would not fail to move your hearts to pity, and your eyes to tears, and to satisfy you that the prospect which the instruction of their deaf and dumb children opens to parents, is a balm for one of the keenest of sorrows, inasmuch as it is a relief for what has been hitherto considered an irremediable misfortune.

The most important advantages, however, in the education of the Deaf and Dumb, accrue to those who are the subjects of it; and these are advantages which it is extremely difficult for those of

us, who are in possession of all our faculties, duly to appreciate. He, whose pulse has always beat high with health, little understands the rapture of recovery from sickness. He, who has always trod the soil, and breathed the air of freedom, cannot sympathize with the feelings of ecstacy which glow in the breast of him who, having long been the tenant of some dreary dungeon, is brought forth to the cheering influence of light and liberty,

But there is a sickness more dreadful than that of the body; there are chains more galling than those of the dungeon--the immortal mind preying upon itself, and so imprisoned as not to be able to unfold its intellectual and moral powers, and to attain to the comprehension and enjoyment of those objects, which the Creator has designed as the sources of its highest expectations and hopes.Such must often be the condition of the uninstructed Deaf and Dumb! What mysterious darkness must sadden their souls ! How imperfectly can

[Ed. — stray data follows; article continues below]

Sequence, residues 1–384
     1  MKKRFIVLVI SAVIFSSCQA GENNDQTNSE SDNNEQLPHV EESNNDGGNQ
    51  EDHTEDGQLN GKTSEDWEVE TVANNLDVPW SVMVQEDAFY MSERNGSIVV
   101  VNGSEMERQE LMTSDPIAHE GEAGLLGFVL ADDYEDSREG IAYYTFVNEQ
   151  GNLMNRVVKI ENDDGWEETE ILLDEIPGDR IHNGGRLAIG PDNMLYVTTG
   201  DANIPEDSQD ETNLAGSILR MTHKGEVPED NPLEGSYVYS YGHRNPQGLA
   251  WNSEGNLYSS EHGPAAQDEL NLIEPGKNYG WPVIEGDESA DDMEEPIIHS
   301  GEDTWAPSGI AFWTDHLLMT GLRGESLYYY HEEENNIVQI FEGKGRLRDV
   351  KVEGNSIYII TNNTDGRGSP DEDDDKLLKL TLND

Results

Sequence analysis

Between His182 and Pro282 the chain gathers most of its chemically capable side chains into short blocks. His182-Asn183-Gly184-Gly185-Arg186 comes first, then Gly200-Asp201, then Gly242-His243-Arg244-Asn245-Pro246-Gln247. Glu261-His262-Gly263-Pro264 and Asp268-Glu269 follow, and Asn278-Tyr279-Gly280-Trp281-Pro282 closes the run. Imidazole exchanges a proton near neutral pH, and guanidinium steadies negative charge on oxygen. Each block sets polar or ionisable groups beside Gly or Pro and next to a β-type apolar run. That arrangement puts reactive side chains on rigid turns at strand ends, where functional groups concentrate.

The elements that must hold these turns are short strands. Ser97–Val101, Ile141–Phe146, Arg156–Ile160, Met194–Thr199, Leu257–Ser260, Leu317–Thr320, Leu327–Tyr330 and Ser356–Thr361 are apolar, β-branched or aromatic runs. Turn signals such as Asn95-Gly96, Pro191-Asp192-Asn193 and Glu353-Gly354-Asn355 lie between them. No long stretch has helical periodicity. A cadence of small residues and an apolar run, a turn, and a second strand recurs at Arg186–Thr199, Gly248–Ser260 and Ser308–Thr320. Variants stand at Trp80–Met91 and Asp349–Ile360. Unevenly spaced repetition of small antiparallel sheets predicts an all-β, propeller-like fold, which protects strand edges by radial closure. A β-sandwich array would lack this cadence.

they account for the wonders that surround them! Must not each one of them, in the language of thought, sometimes say, “ What is it that makes me differ from my fellow-men? Why are they so much my superiors ? What is that strange mode of communicating by which they understand each other with the rapidity of lightning, and which enlivens their faces with the brightest expressions of joy? Why do I not possess it; or why can it not be communicated to me? What are those mysterious characters, over which they pore with such incessant delight, and which seem to gladden the hours that pass by me so sad and cheerless ? What mean the ten thousand customs, which I witness in the private circles and the public assemblies, and which possess such mighty influence over the conduct and feelings of those around me? And that termination of life; that placing in the cold bosom of the earth, those whom I have loved so long and so tenderly; how it makes me shudder !—What is death ?- Why are my friends thus laid by and forgotten ? Will they never revive from this strange slumber? Shall the grass always grow over them? Shall I see their faces no more for ever? And must I also thus cease to move, and fall into an eternal